ESTHER : Hsu_2013_J.Med.Chem_56_8270
PubMedSearch : Hsu_2013_J.Med.Chem_56_8270
PubMedID: 24152295

Title : Selective inhibitors and tailored activity probes for lipoprotein-associated phospholipase A(2) - Nagano_2013_Bioorg.Med.Chem.Lett_23_839
Author(s) : Nagano JM , Hsu KL , Whitby LR , Niphakis MJ , Speers AE , Brown SJ , Spicer T , Fernandez-Vega V , Ferguson J , Hodder P , Srinivasan P , Gonzalez TD , Rosen H , Bahnson BJ , Cravatt BF
Ref : Bioorganic & Medicinal Chemistry Lett , 23 :839 , 2013
Abstract : Lipoprotein-associated phospholipase A(2) (Lp-PLA(2) or PLA(2)G7) binds to low-density lipoprotein (LDL) particles, where it is thought to hydrolyze oxidatively truncated phospholipids. Lp-PLA(2) has also been implicated as a pro-tumorigenic enzyme in human prostate cancer. Several inhibitors of Lp-PLA(2) have been described, including darapladib, which is currently in phase 3 clinical development for the treatment of atherosclerosis. The selectivity that darapladib and other Lp-PLA(2) inhibitors display across the larger serine hydrolase family has not, however, been reported. Here, we describe the use of both general and tailored activity-based probes for profiling Lp-PLA(2) and inhibitors of this enzyme in native biological systems. We show that both darapladib and a novel class of structurally distinct carbamate inhibitors inactivate Lp-PLA(2) in mouse tissues and human cell lines with high selectivity. Our findings thus identify both inhibitors and chemoproteomic probes that are suitable for investigating Lp-PLA(2) function in biological systems.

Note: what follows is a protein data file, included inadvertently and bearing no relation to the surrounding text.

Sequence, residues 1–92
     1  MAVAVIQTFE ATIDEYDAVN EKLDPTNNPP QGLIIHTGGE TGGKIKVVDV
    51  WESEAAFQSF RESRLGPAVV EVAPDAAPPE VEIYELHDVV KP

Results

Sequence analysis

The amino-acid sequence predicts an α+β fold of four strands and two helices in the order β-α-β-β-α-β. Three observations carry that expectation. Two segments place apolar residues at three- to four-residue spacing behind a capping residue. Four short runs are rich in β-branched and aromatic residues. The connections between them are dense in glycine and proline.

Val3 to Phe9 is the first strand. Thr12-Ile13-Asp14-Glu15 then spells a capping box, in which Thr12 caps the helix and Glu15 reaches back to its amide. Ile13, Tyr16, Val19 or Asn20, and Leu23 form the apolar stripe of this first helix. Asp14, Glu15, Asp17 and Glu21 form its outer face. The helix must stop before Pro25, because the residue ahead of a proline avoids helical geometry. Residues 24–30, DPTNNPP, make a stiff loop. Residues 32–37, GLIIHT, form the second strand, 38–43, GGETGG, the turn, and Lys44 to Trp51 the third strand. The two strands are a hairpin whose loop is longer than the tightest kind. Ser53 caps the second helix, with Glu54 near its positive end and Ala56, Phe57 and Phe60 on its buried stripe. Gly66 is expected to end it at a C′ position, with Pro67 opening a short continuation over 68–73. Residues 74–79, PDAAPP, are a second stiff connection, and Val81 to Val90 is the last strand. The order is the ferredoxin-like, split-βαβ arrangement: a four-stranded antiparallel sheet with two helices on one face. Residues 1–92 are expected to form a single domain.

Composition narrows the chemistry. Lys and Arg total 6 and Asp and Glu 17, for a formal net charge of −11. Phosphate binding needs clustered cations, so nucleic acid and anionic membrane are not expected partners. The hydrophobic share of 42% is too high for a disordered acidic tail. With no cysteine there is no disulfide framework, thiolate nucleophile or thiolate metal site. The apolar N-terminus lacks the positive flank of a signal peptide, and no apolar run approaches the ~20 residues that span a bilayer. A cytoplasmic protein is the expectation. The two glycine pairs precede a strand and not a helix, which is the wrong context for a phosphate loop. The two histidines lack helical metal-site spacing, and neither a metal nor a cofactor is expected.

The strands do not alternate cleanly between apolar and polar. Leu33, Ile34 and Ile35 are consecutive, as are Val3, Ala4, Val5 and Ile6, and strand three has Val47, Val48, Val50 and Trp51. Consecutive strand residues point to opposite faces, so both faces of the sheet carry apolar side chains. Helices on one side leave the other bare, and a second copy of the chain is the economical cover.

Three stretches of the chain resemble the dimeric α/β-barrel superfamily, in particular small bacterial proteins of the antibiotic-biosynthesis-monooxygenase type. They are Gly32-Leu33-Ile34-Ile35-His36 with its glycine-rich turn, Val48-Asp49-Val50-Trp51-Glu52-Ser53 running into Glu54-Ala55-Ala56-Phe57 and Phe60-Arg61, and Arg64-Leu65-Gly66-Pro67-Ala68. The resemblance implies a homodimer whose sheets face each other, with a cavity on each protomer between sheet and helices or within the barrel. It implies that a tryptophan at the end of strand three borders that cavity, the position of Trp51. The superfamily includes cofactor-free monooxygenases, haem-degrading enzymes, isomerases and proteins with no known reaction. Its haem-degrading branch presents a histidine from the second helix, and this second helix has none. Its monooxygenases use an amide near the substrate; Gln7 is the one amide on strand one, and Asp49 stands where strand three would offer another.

ESTHER : Nagano_2013_Bioorg.Med.Chem.Lett_23_839
PubMedSearch : Nagano_2013_Bioorg.Med.Chem.Lett_23_839
PubMedID: 23260346

Title : DAGLbeta inhibition perturbs a lipid network involved in macrophage inflammatory responses - Hsu_2012_Nat.Chem.Biol_8_999
Author(s) : Hsu KL , Tsuboi K , Adibekian A , Pugh H , Masuda K , Cravatt BF
Ref : Nat Chemical Biology , 8 :999 , 2012
Abstract : The endocannabinoid 2-arachidonoylglycerol (2-AG) is biosynthesized by diacylglycerol lipases DAGLalpha and DAGLbeta. Chemical probes to perturb DAGLs are needed to characterize endocannabinoid function in biological processes. Here we report a series of 1,2,3-triazole urea inhibitors, along with paired negative-control and activity-based probes, for the functional analysis of DAGLbeta in living systems. Optimized inhibitors showed high selectivity for DAGLbeta over other serine hydrolases, including DAGLalpha ( approximately 60-fold selectivity), and the limited off-targets, such as ABHD6, were also inhibited by the negative-control probe. Using these agents and Daglb(-/-) mice, we show that DAGLbeta inactivation lowers 2-AG, as well as arachidonic acid and eicosanoids, in mouse peritoneal macrophages in a manner that is distinct and complementary to disruption of cytosolic phospholipase-A2. We observed a corresponding reduction in lipopolysaccharide-induced tumor necrosis factor-alpha release. These findings indicate that DAGLbeta is a key metabolic hub within a lipid network that regulates proinflammatory responses in macrophages.